Authors: Kenkel D, Lillard DR, Mathios A
Title: Smoke or fog? The usefulness of retrospectively reported information about smoking.
Journal: Addiction 98(9):1307-13
Date: 2003 Sep
Abstract: AIMS: To investigate the reliability and validity of retrospectively reported information on smoking. DESIGN: Nationally representative retrospective data from longitudinal surveys and contemporaneous data from repeated cross-sectional surveys were used. PARTICIPANTS: Adult respondents to three of the four samples of the National Longitudinal Surveys Original Cohort 1966-68; the National Longitudinal Survey of Youth 1979; and various waves of the US National Health Interview Survey. MEASUREMENTS: Reliability was investigated by calculating kappa statistics for repeated measures of ever-smoking and annual-smoking status. Validity was investigated by comparing smoking prevalence rates generated by retrospective data with contemporaneously measured rates. FINDINGS: Kappa statistics indicated the repeated measures of ever-smoking status show substantial agreement; repeated measures of annual-smoking status show moderate agreement. Retrospective reports on smoking behavior produced prevalence rates that match reasonably well with those from contemporaneous reports of smoking behavior. CONCLUSIONS: Retrospective data on smoking can be an important resource for tobacco addiction research.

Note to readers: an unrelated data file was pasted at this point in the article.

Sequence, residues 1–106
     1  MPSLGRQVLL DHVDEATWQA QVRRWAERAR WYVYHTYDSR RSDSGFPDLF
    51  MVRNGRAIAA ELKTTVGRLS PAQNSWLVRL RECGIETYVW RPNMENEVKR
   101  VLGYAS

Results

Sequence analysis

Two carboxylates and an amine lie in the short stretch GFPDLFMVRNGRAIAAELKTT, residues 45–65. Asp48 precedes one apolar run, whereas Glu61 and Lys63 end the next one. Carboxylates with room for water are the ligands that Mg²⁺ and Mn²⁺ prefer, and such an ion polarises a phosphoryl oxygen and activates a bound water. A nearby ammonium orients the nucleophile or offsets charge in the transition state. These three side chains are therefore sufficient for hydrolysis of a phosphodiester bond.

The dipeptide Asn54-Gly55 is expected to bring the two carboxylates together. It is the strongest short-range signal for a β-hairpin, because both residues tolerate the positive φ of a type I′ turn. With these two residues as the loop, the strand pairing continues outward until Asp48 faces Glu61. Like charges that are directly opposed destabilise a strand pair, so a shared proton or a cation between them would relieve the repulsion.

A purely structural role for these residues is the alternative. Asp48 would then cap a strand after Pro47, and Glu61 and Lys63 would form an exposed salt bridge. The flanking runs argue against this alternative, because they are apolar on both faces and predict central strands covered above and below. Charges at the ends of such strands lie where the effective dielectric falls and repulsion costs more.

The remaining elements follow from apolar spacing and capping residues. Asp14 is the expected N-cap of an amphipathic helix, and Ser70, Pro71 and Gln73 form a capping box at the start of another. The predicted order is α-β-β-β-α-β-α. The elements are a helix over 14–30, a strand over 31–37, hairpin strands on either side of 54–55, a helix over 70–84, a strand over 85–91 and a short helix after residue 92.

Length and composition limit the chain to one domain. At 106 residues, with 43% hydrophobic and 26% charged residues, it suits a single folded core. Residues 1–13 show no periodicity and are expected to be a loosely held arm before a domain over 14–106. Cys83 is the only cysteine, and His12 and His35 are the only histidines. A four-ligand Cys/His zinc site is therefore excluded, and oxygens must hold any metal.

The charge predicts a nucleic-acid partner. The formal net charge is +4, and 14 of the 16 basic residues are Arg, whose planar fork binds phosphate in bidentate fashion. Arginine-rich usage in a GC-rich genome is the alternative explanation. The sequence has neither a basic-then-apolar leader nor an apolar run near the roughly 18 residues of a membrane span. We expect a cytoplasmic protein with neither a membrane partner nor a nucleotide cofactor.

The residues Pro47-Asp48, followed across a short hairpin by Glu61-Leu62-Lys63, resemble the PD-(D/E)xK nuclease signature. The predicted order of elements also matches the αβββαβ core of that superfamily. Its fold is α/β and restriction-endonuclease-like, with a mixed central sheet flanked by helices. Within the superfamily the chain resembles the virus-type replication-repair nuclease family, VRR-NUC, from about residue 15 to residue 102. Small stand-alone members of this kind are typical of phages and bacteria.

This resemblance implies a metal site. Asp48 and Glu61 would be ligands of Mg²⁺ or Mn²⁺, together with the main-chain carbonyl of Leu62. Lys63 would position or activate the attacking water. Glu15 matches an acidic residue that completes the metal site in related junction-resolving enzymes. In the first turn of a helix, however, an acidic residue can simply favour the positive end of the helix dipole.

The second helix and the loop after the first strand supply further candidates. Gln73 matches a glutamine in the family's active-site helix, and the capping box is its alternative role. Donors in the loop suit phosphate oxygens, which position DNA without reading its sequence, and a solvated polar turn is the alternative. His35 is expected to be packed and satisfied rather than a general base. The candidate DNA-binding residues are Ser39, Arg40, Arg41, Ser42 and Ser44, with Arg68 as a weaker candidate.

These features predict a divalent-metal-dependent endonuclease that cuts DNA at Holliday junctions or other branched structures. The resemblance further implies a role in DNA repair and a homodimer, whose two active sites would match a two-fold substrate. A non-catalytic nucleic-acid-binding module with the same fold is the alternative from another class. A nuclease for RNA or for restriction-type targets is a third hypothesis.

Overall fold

Last Updated: 02 Mar 2015